Getting regions and cities 'right', adapting policies to the specificities of where people live and work, is vital to improving citizens’ well-being. View the country factsheets from the publication OECD Regional Outlook 2014.
Biographical note of Hungary's Permanent Representative to the OECD.
English, PDF, 562kb
Educational attainment matters greatly in Hungary’s labour market: people with tertiary education have much higher employment rates and earn more than twice as much than those without.
English, PDF, 176kb
Hungary was hit harder by the global crisis than most OECD countries. Unemployment reached record levels at the peak of the crisis but has since recovered to its pre-crisis level around the current OECD average of 8%.
This page contains all information relating to implementation of the OECD Anti-Bribery Convention in Hungary.
English, PDF, 662kb
The ability to measure innovation is essential to an improvement strategy in education. This country note analyses how the practices are changing within classrooms and educational organisations and how teachers develop and use their pedagogical resources.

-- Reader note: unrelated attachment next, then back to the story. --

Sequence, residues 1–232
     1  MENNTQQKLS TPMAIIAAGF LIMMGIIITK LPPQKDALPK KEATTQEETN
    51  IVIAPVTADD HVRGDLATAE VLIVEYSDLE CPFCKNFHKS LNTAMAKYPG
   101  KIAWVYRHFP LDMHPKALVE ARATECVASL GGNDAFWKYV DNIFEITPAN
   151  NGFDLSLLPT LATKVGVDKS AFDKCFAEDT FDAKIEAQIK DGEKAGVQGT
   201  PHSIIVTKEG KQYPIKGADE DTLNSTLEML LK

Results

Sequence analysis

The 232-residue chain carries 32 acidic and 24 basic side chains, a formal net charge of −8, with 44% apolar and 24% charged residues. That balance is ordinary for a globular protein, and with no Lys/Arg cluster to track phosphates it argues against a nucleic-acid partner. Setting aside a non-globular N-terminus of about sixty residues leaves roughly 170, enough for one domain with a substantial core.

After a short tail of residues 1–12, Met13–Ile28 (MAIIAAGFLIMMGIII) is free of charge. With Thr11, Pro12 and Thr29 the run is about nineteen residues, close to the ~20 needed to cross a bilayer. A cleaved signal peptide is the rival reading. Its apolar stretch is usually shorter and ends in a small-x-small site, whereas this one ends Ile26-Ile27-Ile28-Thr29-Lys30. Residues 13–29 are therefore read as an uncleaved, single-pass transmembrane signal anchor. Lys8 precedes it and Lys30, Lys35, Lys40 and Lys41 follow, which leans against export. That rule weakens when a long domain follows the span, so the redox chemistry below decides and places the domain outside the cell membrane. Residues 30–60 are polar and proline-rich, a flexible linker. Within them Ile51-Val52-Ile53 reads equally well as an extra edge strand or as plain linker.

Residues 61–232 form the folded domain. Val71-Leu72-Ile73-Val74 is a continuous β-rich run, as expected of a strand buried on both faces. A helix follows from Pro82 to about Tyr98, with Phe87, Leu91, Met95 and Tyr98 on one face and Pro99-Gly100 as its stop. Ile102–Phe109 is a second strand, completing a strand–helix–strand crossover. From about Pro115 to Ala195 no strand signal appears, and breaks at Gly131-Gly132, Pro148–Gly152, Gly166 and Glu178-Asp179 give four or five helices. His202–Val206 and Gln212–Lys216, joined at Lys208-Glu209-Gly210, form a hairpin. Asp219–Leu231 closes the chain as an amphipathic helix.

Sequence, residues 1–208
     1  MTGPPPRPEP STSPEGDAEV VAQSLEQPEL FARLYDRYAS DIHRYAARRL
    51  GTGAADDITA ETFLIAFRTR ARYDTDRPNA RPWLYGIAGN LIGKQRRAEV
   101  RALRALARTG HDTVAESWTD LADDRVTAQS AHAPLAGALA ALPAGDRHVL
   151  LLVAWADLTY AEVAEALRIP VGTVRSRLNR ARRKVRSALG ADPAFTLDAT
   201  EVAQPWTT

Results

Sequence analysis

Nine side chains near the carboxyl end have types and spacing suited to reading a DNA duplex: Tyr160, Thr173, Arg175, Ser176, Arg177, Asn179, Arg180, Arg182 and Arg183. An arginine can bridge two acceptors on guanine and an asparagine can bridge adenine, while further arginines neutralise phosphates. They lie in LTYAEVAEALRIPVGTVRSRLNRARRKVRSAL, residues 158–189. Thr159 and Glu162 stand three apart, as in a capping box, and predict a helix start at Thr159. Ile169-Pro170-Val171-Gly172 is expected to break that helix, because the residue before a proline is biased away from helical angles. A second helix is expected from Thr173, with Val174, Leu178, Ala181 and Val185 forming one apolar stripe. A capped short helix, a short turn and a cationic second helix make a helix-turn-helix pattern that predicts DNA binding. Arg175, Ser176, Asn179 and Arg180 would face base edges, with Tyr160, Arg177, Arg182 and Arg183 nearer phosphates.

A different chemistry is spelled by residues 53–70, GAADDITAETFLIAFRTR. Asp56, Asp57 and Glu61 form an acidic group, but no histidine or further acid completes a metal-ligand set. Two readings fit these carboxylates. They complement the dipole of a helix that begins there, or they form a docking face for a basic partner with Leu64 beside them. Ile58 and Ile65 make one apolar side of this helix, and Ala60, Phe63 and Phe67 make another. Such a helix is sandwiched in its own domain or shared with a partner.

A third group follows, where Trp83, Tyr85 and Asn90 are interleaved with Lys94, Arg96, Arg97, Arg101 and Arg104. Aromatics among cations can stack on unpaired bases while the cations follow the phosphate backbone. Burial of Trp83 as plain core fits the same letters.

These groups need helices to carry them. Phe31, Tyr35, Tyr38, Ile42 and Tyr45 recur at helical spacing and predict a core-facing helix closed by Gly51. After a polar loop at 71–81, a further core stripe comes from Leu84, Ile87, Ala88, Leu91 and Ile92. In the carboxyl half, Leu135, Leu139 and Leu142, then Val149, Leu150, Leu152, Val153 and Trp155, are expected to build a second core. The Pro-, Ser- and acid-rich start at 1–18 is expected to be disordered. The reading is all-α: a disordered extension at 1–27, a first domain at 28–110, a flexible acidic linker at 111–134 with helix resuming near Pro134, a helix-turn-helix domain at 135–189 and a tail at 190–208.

Over the past decade, the growth potential of the Hungarian economy has declined substantially. Trend productivity has ceased to increase, and investment has fallen to historically low levels.
Significant labour market mismatches and insufficient mobility penalise employment and productivity. Mismatches have above all a skills dimension, with an excess of low-skilled workers and a possible lack of skilled workers in certain domains.
The average worker in Hungary faced a tax burden on labour income (tax wedge) of 49.0% in 2013 compared with the OECD average of 35.9%. Hungary was ranked 4 of the 34 OECD member countries in this respect.
Hungary exited recession in 2013, but growth potential remains held back by weak investment, low employment among low-skilled workers and shortcomings in labour and product markets. These factors also weigh on social indicators.